I think, maybe, there is a misconception that Scotland's problem with alcohol is in the open.

Not only is it discussed in public, it is visible: it is characterised by the young staggering into corners to vomit after nightclubs close, by people with faces too old for their years standing with cans in checkout queues and by men with reddened cheeks and rounded waists lent on bars.

However, there is a hidden side to alcohol addiction and, as much as we as individuals may find it distressing, as a society we are often complicit in keeping it secret. I am wrestling now, as I write, with how much to disclose about my own experiences of this growing up and the truth is it will not be very much. In my house bottles were hidden, coffee mugs were cradled even though the beverage inside was cold, and glasses were quickly rinsed with water.

When Charles Kennedy quit as leader of the Liberal Democrats in 2006 due to an alcohol problem which, it seems, his close colleagues had worked hard to conceal for many years, my heart broke for his then wife Sarah, who had given birth to their son just the year before. So much was written about the political implications of his addiction, so little about the domestic tragedy made up of worry, and disappointment and guilt and anger and fear, which is probably horribly common.

Yesterday, Alcohol Focus Scotland released research which for the first time looks at the impact of alcohol not on the drinker, but on their family and friends. Their survey of more than 1000 adults found half had suffered in some way from other people's drinking.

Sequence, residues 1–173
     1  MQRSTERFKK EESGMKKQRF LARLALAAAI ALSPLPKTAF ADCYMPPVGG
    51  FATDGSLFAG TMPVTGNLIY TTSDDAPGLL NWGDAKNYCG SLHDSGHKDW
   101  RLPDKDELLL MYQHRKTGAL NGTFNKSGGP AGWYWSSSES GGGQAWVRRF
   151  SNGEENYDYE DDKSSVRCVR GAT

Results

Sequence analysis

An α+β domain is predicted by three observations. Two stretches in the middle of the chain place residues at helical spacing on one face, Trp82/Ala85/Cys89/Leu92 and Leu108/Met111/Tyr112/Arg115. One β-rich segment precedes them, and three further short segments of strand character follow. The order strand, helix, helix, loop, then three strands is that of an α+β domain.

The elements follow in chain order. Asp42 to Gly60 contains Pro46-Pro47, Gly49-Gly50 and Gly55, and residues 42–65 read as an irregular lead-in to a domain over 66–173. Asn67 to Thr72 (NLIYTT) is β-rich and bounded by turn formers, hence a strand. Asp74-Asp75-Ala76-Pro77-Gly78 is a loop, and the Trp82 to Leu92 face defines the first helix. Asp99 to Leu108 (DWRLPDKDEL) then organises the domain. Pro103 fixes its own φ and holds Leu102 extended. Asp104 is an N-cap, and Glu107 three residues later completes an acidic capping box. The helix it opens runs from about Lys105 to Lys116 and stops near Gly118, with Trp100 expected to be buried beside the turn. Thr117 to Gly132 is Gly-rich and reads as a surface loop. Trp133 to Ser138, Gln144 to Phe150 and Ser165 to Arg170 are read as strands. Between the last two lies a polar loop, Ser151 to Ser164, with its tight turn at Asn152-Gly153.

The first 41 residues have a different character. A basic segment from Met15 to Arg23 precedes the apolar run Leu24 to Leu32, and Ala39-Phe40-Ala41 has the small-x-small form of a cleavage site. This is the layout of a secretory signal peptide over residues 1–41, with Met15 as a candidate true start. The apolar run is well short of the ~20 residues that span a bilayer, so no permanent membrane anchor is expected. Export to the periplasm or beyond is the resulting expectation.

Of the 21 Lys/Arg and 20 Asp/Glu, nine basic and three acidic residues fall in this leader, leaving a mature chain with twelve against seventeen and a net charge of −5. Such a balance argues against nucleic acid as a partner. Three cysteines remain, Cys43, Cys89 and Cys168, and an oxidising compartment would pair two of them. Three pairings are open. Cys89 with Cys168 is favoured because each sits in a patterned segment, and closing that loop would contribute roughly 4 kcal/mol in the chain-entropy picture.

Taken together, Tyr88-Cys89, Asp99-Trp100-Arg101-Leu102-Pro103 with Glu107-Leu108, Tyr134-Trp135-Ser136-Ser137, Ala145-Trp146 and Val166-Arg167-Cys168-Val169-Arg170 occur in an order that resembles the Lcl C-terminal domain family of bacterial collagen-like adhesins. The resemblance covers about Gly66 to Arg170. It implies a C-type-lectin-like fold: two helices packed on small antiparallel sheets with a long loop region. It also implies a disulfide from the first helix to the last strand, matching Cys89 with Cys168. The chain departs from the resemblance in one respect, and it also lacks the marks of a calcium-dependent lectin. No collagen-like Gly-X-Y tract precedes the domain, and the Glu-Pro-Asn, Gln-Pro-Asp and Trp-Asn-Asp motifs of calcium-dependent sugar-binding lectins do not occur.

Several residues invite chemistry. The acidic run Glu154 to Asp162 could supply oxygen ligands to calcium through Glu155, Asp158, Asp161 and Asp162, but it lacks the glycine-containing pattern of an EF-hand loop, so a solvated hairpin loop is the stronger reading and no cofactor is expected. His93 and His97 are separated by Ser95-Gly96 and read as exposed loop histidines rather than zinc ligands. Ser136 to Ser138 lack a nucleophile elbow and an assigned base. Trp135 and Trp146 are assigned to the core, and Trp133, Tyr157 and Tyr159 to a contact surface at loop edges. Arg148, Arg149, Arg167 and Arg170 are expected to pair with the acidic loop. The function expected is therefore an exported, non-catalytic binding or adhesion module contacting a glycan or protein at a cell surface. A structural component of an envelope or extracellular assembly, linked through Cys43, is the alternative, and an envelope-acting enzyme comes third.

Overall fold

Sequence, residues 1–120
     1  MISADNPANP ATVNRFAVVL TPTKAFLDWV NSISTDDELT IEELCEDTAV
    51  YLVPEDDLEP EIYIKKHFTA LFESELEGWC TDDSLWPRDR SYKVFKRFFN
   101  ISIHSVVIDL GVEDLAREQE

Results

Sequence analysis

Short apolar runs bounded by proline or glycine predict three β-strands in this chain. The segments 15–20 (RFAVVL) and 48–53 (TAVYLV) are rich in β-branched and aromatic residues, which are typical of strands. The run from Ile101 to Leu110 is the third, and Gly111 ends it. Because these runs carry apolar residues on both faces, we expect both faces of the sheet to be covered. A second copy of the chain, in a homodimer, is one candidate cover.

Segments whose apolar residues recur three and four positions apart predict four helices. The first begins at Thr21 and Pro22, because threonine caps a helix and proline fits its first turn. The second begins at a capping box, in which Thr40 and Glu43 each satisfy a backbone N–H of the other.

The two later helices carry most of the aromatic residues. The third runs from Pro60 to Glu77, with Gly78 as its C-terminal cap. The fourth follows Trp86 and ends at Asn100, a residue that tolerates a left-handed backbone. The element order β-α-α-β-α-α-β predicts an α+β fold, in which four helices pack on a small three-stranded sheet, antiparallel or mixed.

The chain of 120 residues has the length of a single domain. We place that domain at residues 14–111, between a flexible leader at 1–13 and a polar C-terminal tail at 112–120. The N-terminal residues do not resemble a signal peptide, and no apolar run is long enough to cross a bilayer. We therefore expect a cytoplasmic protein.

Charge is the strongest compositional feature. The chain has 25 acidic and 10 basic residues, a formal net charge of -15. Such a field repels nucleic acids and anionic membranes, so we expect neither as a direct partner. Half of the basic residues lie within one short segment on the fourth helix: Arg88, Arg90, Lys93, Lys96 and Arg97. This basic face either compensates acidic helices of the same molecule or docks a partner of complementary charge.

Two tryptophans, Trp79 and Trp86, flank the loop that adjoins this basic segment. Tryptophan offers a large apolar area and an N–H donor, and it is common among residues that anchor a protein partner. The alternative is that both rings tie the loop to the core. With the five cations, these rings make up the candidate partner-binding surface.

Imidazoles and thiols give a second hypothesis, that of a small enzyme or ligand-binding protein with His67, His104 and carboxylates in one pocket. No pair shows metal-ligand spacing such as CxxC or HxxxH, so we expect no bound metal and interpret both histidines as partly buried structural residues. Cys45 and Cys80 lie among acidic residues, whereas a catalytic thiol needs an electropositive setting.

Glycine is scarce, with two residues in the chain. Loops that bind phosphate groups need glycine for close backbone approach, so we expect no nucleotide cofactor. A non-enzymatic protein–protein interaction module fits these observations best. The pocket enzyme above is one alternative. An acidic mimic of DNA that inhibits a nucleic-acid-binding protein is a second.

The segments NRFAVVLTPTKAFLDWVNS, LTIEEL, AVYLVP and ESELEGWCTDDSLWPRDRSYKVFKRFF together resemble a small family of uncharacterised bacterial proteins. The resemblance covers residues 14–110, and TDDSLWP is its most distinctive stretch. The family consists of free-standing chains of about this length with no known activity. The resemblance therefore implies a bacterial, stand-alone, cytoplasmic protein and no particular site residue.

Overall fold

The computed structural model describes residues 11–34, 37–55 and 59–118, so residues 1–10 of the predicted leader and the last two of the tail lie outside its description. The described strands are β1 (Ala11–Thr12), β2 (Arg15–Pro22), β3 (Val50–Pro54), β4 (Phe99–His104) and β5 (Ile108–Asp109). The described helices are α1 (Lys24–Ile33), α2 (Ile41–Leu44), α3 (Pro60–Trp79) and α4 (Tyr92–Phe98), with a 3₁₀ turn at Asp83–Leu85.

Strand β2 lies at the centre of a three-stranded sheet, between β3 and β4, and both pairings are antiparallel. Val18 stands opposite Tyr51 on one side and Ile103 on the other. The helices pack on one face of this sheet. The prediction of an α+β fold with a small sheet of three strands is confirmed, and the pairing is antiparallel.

Dr Evelyn Gillan, chief executive of Alcohol Focus Scotland, said: "This can range from feeling uneasy at aggressive behaviour on the bus, picking up the slack at work because a colleague has called in sick with a hangover, or children living with heavy-drinking parents and the strain this inevitably places on family life. Many of these problems are not being reported, either because they are simply tolerated or because they are going on behind closed doors."

When we know someone who may have an alcohol problem our instinct is to hush it up, think it is not our place to ask the drinker about it directly, or laugh it off. Being drunk on a far-too-regular basis is still seen as funny and crops up in comedy all the time, in a way unemployment or depression does not.

In the US sitcom Friends a character called "Fun Bobby" dates Monica briefly, but it goes wrong when he admits he has an issue with alcohol, quits drinking and becomes decidedly boring. I'm not having a go at Friends - if any programme has ever promoted having a laugh over coffee instead of beer it's that one - but I think this storyline shows how our relationship with alcohol remains mixed up.

Drinking at a light level is fun, but I don't think many people who know an alcoholic would describe them as "fun" when they are drunk.

We should all be more honest with each other about alcohol. If you're interested, there's a survey trying to collect the true picture of drink and drug use in Scotland and around the world at www.globaldrugsurvey.com.